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AP Scores Don't Necessarily Reflect Teacher's Skills

By Jay Mathews
Thursday, April 3, 2008

Dear Extra Credit:

I expect a few Advanced Placement teachers might take umbrage at your comment that a talented class that produces no AP scores above a 3 "is a glaring indicator that the teacher needs to be retrained or replaced." ["Race Can Be Another Hurdle to Quality Education," March 13].

I taught AP biology for 19 years in Prince George's County. Usually, I had 30 to 36 students in a 50-minute daily class. The material and labs can't be covered even in a double period. The College Board states that the prerequisites are a B in previous biology and successful completion of chemistry. I was called on the carpet for having the audacity to suggest that physics be a prerequisite or that it be taken concurrently, because bioenergetics requires a knowledge of physics. Also, students were required to take the exam.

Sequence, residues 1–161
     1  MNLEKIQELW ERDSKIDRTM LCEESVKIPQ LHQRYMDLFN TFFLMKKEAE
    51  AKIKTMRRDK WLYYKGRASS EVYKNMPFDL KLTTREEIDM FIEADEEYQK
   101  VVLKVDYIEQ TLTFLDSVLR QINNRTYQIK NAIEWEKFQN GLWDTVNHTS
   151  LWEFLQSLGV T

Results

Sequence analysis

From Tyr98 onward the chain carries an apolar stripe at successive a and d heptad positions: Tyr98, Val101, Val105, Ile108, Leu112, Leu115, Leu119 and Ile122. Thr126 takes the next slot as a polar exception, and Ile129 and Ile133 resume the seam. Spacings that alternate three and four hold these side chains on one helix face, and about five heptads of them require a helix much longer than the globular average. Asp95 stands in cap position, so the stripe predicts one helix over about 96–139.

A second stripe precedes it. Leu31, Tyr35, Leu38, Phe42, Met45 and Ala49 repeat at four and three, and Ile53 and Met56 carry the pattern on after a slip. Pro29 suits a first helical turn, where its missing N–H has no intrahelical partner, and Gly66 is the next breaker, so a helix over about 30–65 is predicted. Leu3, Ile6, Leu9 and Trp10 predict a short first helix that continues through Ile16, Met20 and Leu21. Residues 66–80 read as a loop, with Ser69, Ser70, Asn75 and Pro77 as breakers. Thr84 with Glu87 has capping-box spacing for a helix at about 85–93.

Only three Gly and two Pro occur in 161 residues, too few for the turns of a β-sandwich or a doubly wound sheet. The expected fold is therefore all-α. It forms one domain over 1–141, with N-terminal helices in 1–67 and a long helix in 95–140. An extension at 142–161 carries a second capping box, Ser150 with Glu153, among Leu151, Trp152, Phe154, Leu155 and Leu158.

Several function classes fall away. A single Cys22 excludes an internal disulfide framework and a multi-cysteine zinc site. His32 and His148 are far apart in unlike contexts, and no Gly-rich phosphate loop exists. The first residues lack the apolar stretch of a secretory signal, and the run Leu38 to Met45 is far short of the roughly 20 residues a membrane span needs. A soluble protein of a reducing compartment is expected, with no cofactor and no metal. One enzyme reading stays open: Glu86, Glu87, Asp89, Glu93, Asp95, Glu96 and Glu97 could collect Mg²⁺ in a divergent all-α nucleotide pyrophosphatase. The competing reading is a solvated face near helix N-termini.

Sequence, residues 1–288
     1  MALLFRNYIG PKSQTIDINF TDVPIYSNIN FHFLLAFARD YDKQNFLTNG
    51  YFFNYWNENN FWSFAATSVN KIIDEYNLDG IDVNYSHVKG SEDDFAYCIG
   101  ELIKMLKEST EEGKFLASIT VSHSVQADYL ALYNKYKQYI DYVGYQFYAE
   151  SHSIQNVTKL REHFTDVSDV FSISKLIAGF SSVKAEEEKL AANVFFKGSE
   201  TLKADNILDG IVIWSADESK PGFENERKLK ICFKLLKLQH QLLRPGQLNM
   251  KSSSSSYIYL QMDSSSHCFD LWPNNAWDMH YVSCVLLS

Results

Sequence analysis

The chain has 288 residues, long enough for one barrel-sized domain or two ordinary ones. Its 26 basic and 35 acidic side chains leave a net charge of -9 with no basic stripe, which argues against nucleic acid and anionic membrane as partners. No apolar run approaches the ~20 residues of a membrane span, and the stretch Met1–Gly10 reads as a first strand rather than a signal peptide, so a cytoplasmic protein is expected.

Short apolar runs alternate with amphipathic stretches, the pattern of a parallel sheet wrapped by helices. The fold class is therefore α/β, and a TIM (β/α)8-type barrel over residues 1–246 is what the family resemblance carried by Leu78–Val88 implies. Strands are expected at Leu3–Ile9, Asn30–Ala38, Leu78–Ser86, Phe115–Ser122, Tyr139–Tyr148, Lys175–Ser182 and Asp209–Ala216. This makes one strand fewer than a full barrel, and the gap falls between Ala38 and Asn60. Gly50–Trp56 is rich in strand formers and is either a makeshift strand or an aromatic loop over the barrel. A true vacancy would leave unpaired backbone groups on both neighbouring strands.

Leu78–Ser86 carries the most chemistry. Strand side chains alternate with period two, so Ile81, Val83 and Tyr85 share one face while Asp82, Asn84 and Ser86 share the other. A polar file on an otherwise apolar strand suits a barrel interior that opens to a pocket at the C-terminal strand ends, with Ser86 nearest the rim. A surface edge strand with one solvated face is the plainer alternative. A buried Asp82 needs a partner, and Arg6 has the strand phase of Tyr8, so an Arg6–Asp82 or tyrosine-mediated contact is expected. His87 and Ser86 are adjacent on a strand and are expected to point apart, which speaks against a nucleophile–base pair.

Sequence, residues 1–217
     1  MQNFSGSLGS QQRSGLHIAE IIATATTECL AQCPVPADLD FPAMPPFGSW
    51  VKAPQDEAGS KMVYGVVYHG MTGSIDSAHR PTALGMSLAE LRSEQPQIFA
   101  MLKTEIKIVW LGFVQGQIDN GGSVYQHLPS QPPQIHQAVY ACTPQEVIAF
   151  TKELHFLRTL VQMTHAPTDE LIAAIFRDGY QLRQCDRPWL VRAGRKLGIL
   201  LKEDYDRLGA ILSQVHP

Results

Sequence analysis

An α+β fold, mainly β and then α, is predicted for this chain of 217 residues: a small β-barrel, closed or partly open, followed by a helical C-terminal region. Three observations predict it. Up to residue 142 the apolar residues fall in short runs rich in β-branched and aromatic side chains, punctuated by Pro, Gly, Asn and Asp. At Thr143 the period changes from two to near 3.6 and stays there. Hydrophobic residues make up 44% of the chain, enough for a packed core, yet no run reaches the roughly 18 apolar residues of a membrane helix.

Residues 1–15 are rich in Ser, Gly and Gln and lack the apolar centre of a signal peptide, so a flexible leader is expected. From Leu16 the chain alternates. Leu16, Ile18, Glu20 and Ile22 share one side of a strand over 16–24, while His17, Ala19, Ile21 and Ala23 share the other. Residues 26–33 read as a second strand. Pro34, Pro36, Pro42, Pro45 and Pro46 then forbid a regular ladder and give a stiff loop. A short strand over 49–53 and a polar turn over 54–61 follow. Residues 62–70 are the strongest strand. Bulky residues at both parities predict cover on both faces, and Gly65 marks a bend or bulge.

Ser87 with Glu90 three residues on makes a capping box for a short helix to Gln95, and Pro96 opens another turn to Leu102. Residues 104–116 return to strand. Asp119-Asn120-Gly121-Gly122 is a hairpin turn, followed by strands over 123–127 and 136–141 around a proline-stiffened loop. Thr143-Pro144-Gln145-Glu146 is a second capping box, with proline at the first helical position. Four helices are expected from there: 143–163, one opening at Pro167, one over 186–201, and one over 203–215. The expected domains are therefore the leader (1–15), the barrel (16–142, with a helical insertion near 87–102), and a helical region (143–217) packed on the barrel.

I had years where most students had a 3, and some had a 4 and an occasional 5, and years when a 2 predominated on the 5-point exam. For 10 years in a row, none of my AP students had taken or were taking calculus.

So you would have me retrained or replaced because of those 3-and-below years? That's ideal, but let's be realistic. Where are these teachers? Teaching AP is hard work and requires experience and energy. I was tapped because I had coursework in molecular genetics and was an adjunct professor at Howard Community College, so I knew college biology. Not everyone does.

And now Superintendent John E. Deasy in Prince George's proposes there should be no prerequisites for any AP class in the county. So again, the numbers of students will go up, but I don't think the scores will.

-- Nancey Parker

Former Prince George's

AP teacher